Get The Most From Your Heating Oil Tank, Says TankDepot.co.uk
9th July 2011
There are over 1.5 million heating oil storage tanks throughout the British Isles, which when installed and maintained correctly, can provide many years of dependable, reliable services for homeowners and householders.
To help consumers get the most from their tanks, Steve Beech from online fuel tank specialist, TankDepot.co.uk provides a series of useful tips to ensure oil tanks remain in tip top condition all year round.
1. Has your oil heating system been serviced within the past 12 months, by a professional, independently accredited service technician? If it hasn't, then now's a good time to make the necessary arrangements with a suitably competent technician - many technicians offer reduced rate servicing during the summer months.
It always makes sense to choose a technician who has been assessed and independently accredited as being an expert in their field e.g. a member of the Oil Fired Technical Association (OFTEC) or Association of Plumbing & Heating Contractors' (APHC) Competent Persons' Scheme. And if you've been used to gas heating in the past, remember that Gas Safe Registration does not extend to oil fired central heating systems, which are specialist systems requiring specialist expertise.
2. Is your oil tank manufactured from steel? If so, be sure and check for signs of corrosion - remembering that steel oil tanks often rust from the 'inside out'. So no matter how good your oil tank might look on the outside, it could be days from failure on the inside.
If your oil tank is manufactured from plastic, check instead for signs of cracking or crazing. Any plastic fuel tank with a crack (even if it is above the maximum fuel level) should be replaced immediately. Modern bunded fuel tanks are affordable and represent an environmentally responsible fuel storage choice.
3. If you have an oil tank contents gauge fitted, is it working? If not arrange to have it replaced or repaired, remembering that old fashioned sight gauges in particular, can represent a potential pollution hazard.
4. Check pipe work and ancillary components (e.g. filters, isolation valves etc.) for signs of damage, corrosion or leakage. Even the smallest leaks can often be detected by an increase in heating oil consumption; a strong smell of heating oil; or by a 'rainbow' sheen from any affected component on a rainy day. If you think you may have a leak, isolate the supply of fuel from the tank immediately and make arrangements to have it remedied.
5. Water and oil don't mix - so don't allow them to. Ensure all inspection points and fill points fitted to your oil tank are firmly shut and vent covers are intact and correctly affixed.
6. Remember there are strict regulations in place for the installation of new and replacement oil tanks. Even at residential installations, almost all new and replacement oil storage tanks should be a bunded tank. A bunded oil tank consists of a 'tank within a tank'. Bunded oil tanks are proven to dramatically reduce the risk of oil pollution in the event of a spillage, when compared with old-fashioned single skin oil tanks.
7. Check the level of fuel remaining inside your oil tank regularly. There's nothing worse than running out of fuel in the middle of a cold snap. TankDepot.co.uk can supply the Apollo, Apollo Visual and Watchman Sonic electronic oil tank gauge, which allow you to monitor your tank from the warmth and convenience of your own home. If you wish to combine security and remote tank monitoring, then there's always the Watchman Alarm, which is also fitted as standard to all Titan Ecosafe Bunded Fuel Tanks.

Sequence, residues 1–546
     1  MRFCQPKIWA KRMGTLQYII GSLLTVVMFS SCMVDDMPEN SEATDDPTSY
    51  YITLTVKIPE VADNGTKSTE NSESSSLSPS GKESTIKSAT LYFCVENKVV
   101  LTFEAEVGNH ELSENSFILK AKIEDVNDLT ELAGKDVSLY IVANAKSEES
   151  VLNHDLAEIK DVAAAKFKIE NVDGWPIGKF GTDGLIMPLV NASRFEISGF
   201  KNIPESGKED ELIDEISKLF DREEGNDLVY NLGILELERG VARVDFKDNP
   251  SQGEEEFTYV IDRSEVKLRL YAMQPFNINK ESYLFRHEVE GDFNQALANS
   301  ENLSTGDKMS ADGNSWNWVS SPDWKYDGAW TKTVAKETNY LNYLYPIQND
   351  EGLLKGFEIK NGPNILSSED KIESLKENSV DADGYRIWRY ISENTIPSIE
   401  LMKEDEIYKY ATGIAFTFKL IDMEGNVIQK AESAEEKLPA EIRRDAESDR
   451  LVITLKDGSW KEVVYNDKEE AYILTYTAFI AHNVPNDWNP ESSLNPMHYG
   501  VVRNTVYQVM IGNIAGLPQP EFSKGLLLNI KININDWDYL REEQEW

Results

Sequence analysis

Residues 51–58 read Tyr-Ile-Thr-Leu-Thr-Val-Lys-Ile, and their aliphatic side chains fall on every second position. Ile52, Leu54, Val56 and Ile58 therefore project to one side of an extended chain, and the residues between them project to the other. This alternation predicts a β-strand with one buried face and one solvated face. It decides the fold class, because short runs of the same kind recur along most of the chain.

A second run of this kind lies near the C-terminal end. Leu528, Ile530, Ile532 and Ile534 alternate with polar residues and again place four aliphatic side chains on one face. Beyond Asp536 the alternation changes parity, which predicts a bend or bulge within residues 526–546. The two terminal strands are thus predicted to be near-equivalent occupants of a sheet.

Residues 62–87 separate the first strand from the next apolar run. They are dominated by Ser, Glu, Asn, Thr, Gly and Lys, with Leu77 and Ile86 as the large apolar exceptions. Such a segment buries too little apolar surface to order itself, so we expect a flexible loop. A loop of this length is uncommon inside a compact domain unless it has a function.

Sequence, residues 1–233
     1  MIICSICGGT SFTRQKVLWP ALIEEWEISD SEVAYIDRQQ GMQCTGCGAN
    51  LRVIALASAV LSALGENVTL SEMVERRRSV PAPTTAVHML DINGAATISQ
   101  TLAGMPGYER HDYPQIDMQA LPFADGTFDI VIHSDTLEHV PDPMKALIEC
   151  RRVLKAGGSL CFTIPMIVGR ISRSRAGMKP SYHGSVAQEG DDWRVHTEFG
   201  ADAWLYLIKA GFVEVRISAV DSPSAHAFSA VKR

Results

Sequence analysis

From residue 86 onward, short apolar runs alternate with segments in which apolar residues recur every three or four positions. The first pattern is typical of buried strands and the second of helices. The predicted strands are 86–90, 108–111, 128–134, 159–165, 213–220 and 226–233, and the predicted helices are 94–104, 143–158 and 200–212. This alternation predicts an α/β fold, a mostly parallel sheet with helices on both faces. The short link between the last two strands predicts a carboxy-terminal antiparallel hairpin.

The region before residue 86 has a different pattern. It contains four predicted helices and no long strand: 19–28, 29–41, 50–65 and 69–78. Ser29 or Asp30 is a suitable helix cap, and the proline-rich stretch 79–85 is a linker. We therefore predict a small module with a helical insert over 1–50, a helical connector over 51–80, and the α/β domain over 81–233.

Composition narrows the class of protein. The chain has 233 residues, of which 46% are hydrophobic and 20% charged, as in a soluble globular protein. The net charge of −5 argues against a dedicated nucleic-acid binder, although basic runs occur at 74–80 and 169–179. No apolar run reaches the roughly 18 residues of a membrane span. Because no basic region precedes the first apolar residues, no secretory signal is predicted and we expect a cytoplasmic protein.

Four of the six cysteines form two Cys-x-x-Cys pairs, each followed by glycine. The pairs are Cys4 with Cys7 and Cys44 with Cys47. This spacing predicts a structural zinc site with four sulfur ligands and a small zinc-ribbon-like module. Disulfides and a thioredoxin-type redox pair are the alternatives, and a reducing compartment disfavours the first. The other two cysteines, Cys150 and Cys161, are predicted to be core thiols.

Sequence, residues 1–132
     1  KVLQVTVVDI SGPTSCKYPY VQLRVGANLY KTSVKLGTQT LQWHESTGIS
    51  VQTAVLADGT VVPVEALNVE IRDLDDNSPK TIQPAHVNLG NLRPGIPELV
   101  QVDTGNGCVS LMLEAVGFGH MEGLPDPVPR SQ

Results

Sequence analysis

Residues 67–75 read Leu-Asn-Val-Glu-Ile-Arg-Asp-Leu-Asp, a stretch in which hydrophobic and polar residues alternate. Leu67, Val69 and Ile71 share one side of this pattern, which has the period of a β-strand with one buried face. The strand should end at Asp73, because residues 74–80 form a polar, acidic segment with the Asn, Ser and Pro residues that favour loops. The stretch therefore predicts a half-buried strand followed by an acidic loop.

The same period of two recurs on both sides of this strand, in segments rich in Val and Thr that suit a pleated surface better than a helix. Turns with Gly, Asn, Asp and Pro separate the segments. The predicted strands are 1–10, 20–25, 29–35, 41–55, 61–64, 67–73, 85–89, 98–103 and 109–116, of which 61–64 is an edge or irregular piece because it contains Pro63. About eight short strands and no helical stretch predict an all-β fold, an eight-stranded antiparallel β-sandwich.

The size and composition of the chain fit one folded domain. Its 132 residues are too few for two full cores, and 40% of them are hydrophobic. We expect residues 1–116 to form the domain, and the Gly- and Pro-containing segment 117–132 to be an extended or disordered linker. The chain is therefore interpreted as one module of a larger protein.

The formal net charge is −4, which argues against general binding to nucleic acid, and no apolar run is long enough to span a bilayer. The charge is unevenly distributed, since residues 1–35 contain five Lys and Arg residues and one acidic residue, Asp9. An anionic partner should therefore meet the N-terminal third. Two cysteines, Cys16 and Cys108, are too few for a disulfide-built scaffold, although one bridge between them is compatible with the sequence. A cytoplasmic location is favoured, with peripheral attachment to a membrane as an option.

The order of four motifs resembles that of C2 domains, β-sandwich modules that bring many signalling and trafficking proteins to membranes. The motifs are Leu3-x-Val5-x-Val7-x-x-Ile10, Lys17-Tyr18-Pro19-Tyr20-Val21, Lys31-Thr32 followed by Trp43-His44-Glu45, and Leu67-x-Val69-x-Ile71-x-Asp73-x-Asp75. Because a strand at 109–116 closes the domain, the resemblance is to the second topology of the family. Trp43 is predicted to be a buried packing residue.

TankDepot.co.uk will also shortly be adding the revolutionary Apollo Smart to the company's range of fuel tank level monitors. The world's first heating oil energy monitor, Apollo Smart allows heating oil users to not just monitor the level of fuel inside their tank, but to monitor heating oil usage in litres; energy costs in £Sterling or Euros; and kgCO2 emissions too. Usefully, the system can also predict the number of days supply remaining and benefits from a low level warning alert. Integral USB connectivity also allows usage and consumption data to be uploaded to almost any Mac or PC for further interrogation and analysis.
8. Make sure your tank is correctly supported. Plastic oil tanks in particular must be fully supported across their entire base and good practice dictates the base should extend 300mm beyond the widest point of the tank. Failure to properly support a tank will almost invariably result in premature product failure and a potentially catastrophic environmental pollution incident.
9. If you have a bunded tank fitted with a bund warning alarm when was the last time you checked it? In the event that the alarm indicates there is liquid present inside the bunded area, contact your fuel supplier or local competent, oil storage technician. More often than not, such liquid will often be condensation, which forms naturally as a result of changes in ambient temperature and humidity - but it makes sense to get it removed.
10. Finally, make sure your home insurance covers homes with oil heating installations. Many home insurance policies do, but some don't. Your insurance broker or insurance company will be able to advise. If you're not currently covered, it makes sense to upgrade to a policy which does provide the necessary coverage.
For more information on environmentally responsible oil storage, click here to visit TankDepot.co.uk online; contact your local fuel supplier; speak with your local Building Control Department or Environmental Authority; or, better still, arrange to have your oil storage system inspected by your local OFTEC or APHC Registered Technician.
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Article Last Updated 9th July 2011